The prospect of bringing a disgraced lobbyist to the Forty Acres caused officials to do some soul-searching. Why they decided to host him for students, speaker’s fee and all.
On May 2, Jack Abramoff, the former lobbyist who was indicted in 2005 on charges of fraud, conspiracy and tax evasion, will be on campus for the free event, “You Don’t Know Jack: A Conversation with Jack Abramoff,” where he will take part in a discussion about the importance of ethics.
“Jack Abramoff has made some mistakes that I hope our students will never make. If they can learn from him how he made those [mistakes], they can keep their ethical antennae up and hopefully avoid some of the errors that he made,” says Robert Prentice, chair of the Department of Business, Government and Society and a moderator for the event.
Since leaving prison in December 2010, Abramoff is sharing his story through appearances around the country, on television and in his recent book, “Capitol Punishment,” released last November. During his visit to Austin, Abramoff will also be filmed for a segment of the McCombs video series project “Ethics Unwrapped” (funded by a grant from the Deloitte Foundation), which aims to encourage dialogue in classrooms around the topic of ethical decision making.
Abramoff on the 40 Acres
“This is an opportunity for students to hear about the failures of government oversight, but also hubris and arrogance,” says DeAunderia N. Bowens, Student Events Center (SEC) advisor. (The SEC Distinguished Speaker Series is one of the groups partnering with McCombs to bring Abramoff to campus.) Bowens says that as future leaders, UT students have much to learn from hearing about Abramoff’s missteps.
But that doesn’t mean everyone was excited about bringing Abramoff to campus.
“My first thought was, ‘Do we be want to be paying people to come and talk about moral failure?’” says Howard T. Prince, director for the Center for Ethical Leadership at the LBJ School of Public Affairs. Prince says that over time, however, his opinion changed as it became clear that others involved in bringing Abramoff to campus had wrestled with the same concerns. “I think all of us did some soul-searching over the issue,” Prince says.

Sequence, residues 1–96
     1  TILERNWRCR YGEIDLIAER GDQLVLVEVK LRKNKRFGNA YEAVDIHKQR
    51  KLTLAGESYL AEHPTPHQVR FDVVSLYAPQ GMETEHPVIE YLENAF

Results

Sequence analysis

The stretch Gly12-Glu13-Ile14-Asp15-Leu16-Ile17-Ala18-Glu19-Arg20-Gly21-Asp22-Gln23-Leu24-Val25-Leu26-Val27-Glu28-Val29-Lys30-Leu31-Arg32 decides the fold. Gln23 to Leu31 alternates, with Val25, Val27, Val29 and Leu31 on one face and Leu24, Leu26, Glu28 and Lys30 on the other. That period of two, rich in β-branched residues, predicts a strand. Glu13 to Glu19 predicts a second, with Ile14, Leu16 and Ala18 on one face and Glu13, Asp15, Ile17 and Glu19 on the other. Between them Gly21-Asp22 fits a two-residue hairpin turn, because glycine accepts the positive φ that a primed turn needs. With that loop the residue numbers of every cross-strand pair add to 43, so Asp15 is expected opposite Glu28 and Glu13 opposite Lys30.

Although Abramoff will be paid a fee for his appearance, organizers make clear that the term “honorarium” shouldn’t apply in this instance. “There’s a sense that if he comes here and appears to be honest with people and is forthcoming and we have productive conversations, then that’s something that I can respect. But nobody’s honoring him for his presence here,” says Susan “George” Schorn, senior program coordinator in the School of Undergraduate Studies, who helped craft questions for the moderators.
A third party will manage Abramoff’s earnings from the event, with a portion going to the restitution he must pay for his crimes and a portion going to Abramoff’s family, an arrangement that relieves some detractors.
“The last thing I want to do is help a scoundrel make money off moral failure,” Prince says.
Along with concerns about payment, many agree that another key consideration is whether speakers like Abramoff are sufficiently contrite about what they have done. “You have to vet your speakers,” says management professor Janet Dukerich. “Is this someone who is sufficiently sorry [for what they did]? If not, you don’t bring them in.”
Lessons From Prison
Abramoff isn’t the first ex-con to appear before a university audience. Schools have been facilitating interactions between students and criminals for years, according to Prentice and Linda Treviño, professor of organizational behavior and ethics at Penn State’s Smeal College of Business.
Back in 1993 at the College of Charleston, former professor Gary Tidwell taught a course entitled “Ethics and White-Collar Crime” that took students to a number of prisons across the southeast United States. While on sabbatical from Penn State, Treviño accompanied Tidwell’s students as they visited minimum and maximum security prisons, an experience that influenced her approach to teaching ethics. Now she brings white-collar criminals to speak to her undergraduate and MBA business ethics classes and says that listening to speakers who are clearly remorseful about their crimes causes students to stop and think. “They learned a few really important things. I can’t overstate how impactful it is,” Treviño says.